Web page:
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Advice from IR Approved Author Keith Edward Vaughn: “After you decide how you want to distribute your book, begin designing and formatting immediately, because it takes forever.”

The Loneliest Places received a 4+ star review, making it an IndieReader Approved title.

Following find an interview with author Keith Edward Vaughn.

What is the name of the book and when was it published?

The Loneliest Places was published August 18, 2023.

What’s the book’s first line?

“The Century Club, a glorified dive bar on Hollywood’s ratty eastern fringe, sat at the long end of an L-shaped strip mall.”

What’s the book about? Give us the “pitch”.

To save his business, druggy Los Angeles private investigator Ellis Dunaway searches for a missing smuggler who works for a vicious cartel. When Ellis learns that his father was also investigating the cartel before his mysterious death, the case leads him to confront his inner demons and secrets of his unresolved past.

What inspired you to write the book? A particular person? An event?

I was inspired by all the great Los-Angeles-based crime fiction and noir from the 1930s to today. I wanted to insinuate myself into that legacy and hopefully honor it.

What’s the main reason someone should really read this book?

Even more than the mystery at its core, The Loneliest Places is a character study of Ellis Dunaway, a man who can’t let go of his past—the wins and the losses. The pathos and dark humor of his plight make the book relatable to readers who may not normally gravitate toward crime fiction.

What’s the most distinctive thing about the main character?  Who-real or fictional-would you say the character reminds you of?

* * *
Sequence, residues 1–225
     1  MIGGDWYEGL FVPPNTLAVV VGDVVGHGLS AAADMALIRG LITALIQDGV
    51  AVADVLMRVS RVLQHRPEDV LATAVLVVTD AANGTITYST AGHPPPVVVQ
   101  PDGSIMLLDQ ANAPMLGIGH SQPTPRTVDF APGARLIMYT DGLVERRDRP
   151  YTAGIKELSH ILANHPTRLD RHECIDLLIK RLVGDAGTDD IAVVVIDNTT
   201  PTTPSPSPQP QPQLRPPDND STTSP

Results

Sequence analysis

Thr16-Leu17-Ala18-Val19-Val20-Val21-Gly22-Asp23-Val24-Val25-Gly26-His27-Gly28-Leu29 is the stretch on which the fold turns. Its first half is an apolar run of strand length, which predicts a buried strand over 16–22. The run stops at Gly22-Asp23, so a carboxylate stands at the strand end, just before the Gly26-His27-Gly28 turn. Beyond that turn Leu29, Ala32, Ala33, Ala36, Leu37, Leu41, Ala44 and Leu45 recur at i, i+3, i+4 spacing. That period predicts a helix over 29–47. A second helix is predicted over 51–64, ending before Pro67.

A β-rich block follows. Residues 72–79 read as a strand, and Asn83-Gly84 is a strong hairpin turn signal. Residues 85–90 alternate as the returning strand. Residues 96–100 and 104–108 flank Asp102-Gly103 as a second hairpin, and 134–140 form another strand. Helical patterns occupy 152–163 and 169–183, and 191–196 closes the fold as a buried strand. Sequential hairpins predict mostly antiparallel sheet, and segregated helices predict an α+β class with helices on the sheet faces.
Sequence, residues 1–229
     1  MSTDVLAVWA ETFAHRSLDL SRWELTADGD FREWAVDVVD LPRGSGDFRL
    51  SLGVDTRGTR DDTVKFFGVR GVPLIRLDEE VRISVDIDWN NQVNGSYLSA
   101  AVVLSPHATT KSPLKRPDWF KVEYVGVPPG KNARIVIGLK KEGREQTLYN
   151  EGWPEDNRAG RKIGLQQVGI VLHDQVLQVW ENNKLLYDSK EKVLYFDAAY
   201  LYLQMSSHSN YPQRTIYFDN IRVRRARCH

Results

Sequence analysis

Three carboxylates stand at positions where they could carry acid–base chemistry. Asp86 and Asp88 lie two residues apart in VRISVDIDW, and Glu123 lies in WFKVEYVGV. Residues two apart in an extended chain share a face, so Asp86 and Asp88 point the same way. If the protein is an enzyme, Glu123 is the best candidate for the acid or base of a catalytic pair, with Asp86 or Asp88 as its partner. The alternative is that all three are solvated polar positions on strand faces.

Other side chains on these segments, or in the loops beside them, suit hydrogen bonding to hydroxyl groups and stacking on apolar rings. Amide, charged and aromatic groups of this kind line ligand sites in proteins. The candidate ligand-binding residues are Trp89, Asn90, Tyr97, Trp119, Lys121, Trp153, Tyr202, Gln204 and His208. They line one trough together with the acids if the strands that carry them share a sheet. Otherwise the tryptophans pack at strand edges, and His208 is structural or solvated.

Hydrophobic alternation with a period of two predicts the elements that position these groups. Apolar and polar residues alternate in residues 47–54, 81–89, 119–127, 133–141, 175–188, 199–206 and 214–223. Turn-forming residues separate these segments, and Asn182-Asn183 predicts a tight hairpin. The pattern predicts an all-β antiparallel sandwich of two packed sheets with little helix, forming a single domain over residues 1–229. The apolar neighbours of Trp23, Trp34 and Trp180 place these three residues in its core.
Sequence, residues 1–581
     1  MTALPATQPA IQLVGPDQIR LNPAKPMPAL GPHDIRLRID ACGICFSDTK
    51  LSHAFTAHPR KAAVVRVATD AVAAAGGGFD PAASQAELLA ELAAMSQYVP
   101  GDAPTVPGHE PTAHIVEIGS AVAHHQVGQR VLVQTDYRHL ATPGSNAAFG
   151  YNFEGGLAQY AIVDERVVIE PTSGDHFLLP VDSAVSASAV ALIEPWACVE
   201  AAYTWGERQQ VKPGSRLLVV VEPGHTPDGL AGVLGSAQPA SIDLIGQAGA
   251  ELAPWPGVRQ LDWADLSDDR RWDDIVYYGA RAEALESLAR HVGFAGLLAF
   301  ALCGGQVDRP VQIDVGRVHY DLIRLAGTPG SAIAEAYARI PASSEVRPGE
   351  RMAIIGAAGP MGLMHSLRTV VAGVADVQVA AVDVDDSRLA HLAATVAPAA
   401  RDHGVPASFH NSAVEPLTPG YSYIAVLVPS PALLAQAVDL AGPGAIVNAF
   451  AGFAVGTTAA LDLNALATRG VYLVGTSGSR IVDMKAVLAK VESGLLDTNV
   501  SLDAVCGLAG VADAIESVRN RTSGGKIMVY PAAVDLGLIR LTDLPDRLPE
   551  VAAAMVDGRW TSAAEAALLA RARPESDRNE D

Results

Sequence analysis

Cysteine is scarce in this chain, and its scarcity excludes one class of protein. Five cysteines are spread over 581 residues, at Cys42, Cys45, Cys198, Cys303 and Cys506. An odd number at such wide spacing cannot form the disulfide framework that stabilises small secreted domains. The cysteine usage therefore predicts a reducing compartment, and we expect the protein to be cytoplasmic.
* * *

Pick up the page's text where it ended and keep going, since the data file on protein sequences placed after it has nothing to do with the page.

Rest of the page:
Ellis Dunaway sees the world through the distorting lenses of nostalgia, drugs, and pop culture. Several times during the writing of The Loneliest Places I thought of characters Owen Wilson plays in Wes Anderson movies—particularly Eli Cash in The Royal Tenenbaums and Francis Whitman in The Darjeeling Limited. Ellis’s character is also heavily indebted to Elliott Gould’s portrayal of Philip Marlowe in Robert Altman’s The Long Goodbye. He’s easygoing until he’s not.

When did you first decide to become an author?

I wanted to write ever since I was a child, but not until 2015 did I fully commit to it—the last refuge of a scoundrel…

Is this the first book you’ve written?


What do you do for work when you’re not writing?


How much time do you generally spend on your writing?

I keep regular business hours, but there’s no telling how much actual writing will get done. Often, the time is spent reading and trying to catch a vibe, or staring blankly, in a cold sweat.

What’s the best and the hardest part of being an indie?

The best part is making the book exist, period. It’s an amazing feeling, but truly, the wagon doesn’t move an inch up the hill unless you push it yourself, or pay somebody a lot of money to push it for you. There’s so much involved that isn’t fun or creative. The most difficult things—for me, formatting and layout—are the most thankless and invisible.

What’s a great piece of advice that you can share with fellow indie authors?

After you decide how you want to distribute your book, begin designing and formatting immediately, because it takes forever.

Would you go traditional if a publisher came calling?  If so, why?

I’m drafting a literary novel now that I believe a traditional publisher could be helpful in marketing. So, in that case, yes.

Is there something in particular that motivates you (fame? fortune?)

The act of writing is an end in itself. I love it and I’m blessed to get to do it every day.

Which writer, living or dead, do you most admire?

There are so many, but I will say John O’Hara. He’s been called “the real F. Scott Fitzgerald,” for good reason. His books and stories are bravely, emotionally honest, and stylistically graceful. For naturalistic dialogue that carries the action of a scene, he is unmatched. His emphasis on character over plot is a balance that resonates with me. How he does so much and yet so little is like a magic trick.

Which book do you wish you could have written?

Harry Potter and the Sorcerer’s Stone. Cha-ching! But my serious answer is Nathanael West’s The Day of the Locust. The way the dreamy rendering of Los Angeles and its denizens tilts subtly, and then violently, into a nightmare is as arresting now as it must have been in 1939. The plot matters less than the feeling it provokes—dreadful, absurd, and indelible. It’s a masterpiece.

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